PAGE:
NEW DELHI: Amidst noisy crowd, Park Joo-bong, donning a tracksuit with Japan on his back, was quietly seated in an empty stand meant for VIPs/players. He was intently studying the game, unmoved like a rock. Unnoticed by anyone around, the man is quite a legend in the badminton fraternity.
Winner of nine All England championships, gold medallist in 1992 Barcelona Olympics followed by silver in the following Atlanta Olympics, Park is currently the badminton coach of the Japan National team.
The 50-year-old Korean was watching his ward Kento Momota play India’s second seed Kidambi Srikanth in the second round. After a brief affair, the Indian managed to clinch the first game. Momota fought back in the second, to stay in contest but Srikanth proved too good in the decider. Disappointed with the defeat, Park lauded the Indian for his effort. “Srikanth has improved a lot. He is a good attacking player and plays a very fast-paced game,” Park opined.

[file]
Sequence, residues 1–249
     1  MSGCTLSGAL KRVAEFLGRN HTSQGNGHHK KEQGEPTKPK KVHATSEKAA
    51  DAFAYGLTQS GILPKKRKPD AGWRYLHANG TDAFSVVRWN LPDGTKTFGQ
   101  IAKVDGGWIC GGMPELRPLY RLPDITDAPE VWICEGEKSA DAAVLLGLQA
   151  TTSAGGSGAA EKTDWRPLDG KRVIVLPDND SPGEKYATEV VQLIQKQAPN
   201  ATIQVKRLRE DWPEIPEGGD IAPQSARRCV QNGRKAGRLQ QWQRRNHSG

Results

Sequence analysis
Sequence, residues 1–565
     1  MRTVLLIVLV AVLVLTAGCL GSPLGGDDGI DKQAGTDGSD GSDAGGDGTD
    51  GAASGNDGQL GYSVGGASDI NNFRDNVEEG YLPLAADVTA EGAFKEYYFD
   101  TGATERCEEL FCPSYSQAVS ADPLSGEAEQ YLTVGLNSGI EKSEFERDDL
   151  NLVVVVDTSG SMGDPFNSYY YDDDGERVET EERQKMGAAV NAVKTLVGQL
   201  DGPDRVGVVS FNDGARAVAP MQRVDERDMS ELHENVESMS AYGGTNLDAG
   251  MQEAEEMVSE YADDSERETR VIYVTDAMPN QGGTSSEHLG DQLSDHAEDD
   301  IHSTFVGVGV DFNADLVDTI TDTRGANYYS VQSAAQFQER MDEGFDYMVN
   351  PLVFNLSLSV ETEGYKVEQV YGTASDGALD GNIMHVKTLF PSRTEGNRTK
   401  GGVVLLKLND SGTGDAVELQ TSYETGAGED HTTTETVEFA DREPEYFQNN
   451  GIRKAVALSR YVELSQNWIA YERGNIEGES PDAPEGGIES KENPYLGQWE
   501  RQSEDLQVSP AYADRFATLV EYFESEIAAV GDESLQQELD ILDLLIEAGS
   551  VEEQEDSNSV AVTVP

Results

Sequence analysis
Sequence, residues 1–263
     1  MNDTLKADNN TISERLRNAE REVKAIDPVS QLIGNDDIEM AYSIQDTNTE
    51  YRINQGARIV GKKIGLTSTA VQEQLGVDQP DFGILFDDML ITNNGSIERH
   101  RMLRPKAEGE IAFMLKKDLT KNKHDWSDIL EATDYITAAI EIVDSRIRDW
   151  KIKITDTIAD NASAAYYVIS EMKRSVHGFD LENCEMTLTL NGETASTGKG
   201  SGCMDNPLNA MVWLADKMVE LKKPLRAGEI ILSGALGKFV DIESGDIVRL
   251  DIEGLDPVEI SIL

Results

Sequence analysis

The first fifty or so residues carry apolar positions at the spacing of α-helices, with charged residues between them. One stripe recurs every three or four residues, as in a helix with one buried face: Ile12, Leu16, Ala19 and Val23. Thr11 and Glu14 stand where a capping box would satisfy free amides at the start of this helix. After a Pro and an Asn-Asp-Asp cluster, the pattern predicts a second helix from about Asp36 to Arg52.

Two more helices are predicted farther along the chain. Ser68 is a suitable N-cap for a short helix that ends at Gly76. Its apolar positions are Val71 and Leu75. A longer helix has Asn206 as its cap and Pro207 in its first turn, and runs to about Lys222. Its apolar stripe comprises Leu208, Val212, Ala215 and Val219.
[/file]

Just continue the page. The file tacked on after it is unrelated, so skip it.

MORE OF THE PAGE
He opened up about the Japanese youngsters and says he lacked fitness to survive a three-game affair. “Momota started off really slow in the first game. He controlled the second game very well. In the decider, he was not up to the mark physically,” he said, adding the 20-year-old has a bright future.
He revealed he played against Indonesian great Icuk Sugiarto during his salad days and also mentions his one-match affair with Indian legend Prakash Padukone. “I played him when I was just starting off while he was on the verge of retirement.” After retiring as player in 1996, he went on to coach England and Malaysia before taking the Japan offer. Park also had two eight-month brief stints with his home team, offering special coaching ahead of 2008 and 2012 Olympics
Park, who was inducted into the Badminton Hall of Fame in 2001, said the system of sport is totally different all over Asia. “In Korea, there are more international tournaments. The national team will have lot of exposure trips. In Japan, it is club-based. They train with the clubs and go for tournaments. In India, they have their own system.”